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I Am an Animal: This Blogger’s Opinion

Written by PETA | November 20, 2007

Yes, HBO’s I Am an Animal: The Story of Ingrid Newkirk and PETA was insightful, well-made, and powerful. I’ll admit that. But WTF, HBO? Didn’t you forget something kind of important? Did all those times I found an excuse to walk by the cameras when you were filming in the office mean nothing to you? Did that week we spent together camped out in a parking lot in New Orleans just completely slip your minds? Or is there something I missed?

As anyone who watched the documentary last night will know by now, this lowly PETA blogger does not appear anywhere in the final cut of the film. Like, there aren’t even any scenes where you can hear my voice off camera, or see me wandering by in the hallways. But with the exception of that massive, massive oversight on HBO’s part, the film, which aired for the first time yesterday at 8 p.m., was absolutely riveting. I won’t give away too much, since you can still catch it on HBO On Demand, but the film takes as its central theme the period leading up to the release of our Butterball investigation, and it provides a fascinating behind-the-scenes view of exactly how that campaign and a number of other PETA initiatives go from an idea in a meeting to a major media story that highlights the suffering of animals.

If you get a chance to watch the film, you’ll notice that not all the viewpoints expressed in the documentary are flattering about PETA, but as an organization, we’ve never been particularly concerned about flattery—our goal has always been to get people thinking seriously about animal rights, and whenever possible, getting them to sit down and actually confront the horrors that animals are subjected to in the meat, fur, animal-research, and other abusive industries that are so often kept hidden from the public. I Am an Animal accomplishes that in spades, and for that reason I would recommend it to anyone who wants to know more about why we do what we do. I just hope that when they make the sequel, they’ll give the people what they want and spend a little bit more time filming me.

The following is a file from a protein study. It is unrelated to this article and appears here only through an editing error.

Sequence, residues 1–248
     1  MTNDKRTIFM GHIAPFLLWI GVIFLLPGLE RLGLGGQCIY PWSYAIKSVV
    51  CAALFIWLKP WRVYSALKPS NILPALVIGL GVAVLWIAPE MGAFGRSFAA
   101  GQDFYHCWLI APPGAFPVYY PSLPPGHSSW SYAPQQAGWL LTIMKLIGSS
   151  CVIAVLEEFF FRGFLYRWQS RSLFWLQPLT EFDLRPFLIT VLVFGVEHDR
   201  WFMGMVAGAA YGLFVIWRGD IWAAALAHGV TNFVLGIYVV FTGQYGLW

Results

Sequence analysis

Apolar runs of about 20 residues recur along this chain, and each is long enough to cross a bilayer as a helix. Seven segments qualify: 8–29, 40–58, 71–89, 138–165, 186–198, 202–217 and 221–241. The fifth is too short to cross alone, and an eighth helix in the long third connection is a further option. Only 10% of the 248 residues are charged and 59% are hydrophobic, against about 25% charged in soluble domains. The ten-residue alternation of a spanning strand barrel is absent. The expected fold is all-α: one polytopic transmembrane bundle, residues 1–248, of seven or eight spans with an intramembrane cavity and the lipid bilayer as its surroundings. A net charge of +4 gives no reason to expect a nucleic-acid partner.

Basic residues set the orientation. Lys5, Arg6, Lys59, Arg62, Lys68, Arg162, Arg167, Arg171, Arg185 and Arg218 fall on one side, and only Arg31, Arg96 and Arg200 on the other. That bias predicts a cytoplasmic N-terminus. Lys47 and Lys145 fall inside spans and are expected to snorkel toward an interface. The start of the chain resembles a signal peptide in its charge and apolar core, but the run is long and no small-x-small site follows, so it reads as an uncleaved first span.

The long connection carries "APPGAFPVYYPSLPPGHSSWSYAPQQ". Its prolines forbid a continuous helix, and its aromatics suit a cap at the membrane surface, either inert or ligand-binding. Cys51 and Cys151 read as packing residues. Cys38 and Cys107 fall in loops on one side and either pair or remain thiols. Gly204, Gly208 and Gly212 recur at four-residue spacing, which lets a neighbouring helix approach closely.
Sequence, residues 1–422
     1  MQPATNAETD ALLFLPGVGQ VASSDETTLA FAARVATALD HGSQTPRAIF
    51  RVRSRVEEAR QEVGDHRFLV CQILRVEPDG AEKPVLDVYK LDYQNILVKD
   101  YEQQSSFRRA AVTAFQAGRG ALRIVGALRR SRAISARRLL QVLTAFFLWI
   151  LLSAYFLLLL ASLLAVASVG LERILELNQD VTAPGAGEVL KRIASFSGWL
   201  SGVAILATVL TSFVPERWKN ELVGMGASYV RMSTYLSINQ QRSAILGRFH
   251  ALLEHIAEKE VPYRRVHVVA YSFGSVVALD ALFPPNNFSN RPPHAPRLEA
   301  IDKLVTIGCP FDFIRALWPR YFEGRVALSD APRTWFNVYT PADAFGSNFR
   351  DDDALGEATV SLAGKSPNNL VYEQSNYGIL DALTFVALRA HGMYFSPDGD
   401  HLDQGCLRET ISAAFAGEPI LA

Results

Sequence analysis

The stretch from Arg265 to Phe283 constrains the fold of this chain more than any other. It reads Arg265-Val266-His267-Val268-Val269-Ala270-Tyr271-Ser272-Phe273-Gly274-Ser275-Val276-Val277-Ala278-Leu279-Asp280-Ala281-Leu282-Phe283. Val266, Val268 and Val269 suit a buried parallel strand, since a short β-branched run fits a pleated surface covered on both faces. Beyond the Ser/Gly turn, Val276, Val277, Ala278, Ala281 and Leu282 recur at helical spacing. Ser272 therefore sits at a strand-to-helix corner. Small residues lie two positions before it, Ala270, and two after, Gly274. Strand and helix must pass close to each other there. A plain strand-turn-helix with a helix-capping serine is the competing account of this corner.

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  • James Saunders says:

    ingrid has done an amazing job just like everyone at PETA you too jack The best way to help animals and the earth is to stop consuming fellow sentients!! Google humans are herbivores it will blow your mind! And referring to the girl crticizing the dog euthanasia Dog rescue shows are All about the process of trying to save the animal… A doc about all of PETA isn’t going to show the whole process.

  • Jon N. says:

    so i am one of those that refuse to go veagan or vegetarian but i was wondering if there is anything that i can do that helps this problem of horrendous conditions for slaughterhouses and whatnot. Like i said before i will not give up meat but i am willing to only buy certain kind if it was raised and killed humanely or something. i was just wondering if anyone could give more info pleas…thanks!!!!

  • Anonymous says:

    Hi I admire and respect Ingred Newkirk she does all the things I would like to be able to so but don’t have the courage. Thank you Ingrid. You are the best Barb

  • rojo says:

    Mike no I guess not though I would have said most of the catch was brought in by small businesses. Definative quotas must be set and adhered to. Certainly for overfished areas in Australian waters it has become the case. One of the big tradgedies of fishing is the amount of offtarget species and undersized fish that die during the process. I suppose they become fish food but it’s still a waste.

  • Elizabeth says:

    I just wanted to say thank you for helping me change my eating habits. I saw the documentary and for a long time have wanted to stop eating meat. The graphic scene of the cow really did it for me. You know it is happening but you never see it. I have worked on animal abuse cases i.e. the idiots who left their dog in the backyard in 90 degree heat for two weeks while on a European holiday. It is so eyeopening to realize that abuse of animals occurs even when there are standards and practices that need to be met for a company to slaughter animals for food. The mink being skinned will forever be in my mind. The only thing I inherited from my grandmother when she died was a mink coat. It is now at the salvation army. I never used it and will not miss it given the pain that animals went through to make my grandma look pretty. As long as there are horrible human beings who are scared pathetic and angrythere will always be people who abuse animals. I just take comfort in the idea that what goes around comes around. I applaud you PETA and any other organization that is working against monsters for creatures.

  • Marilyn Klein says: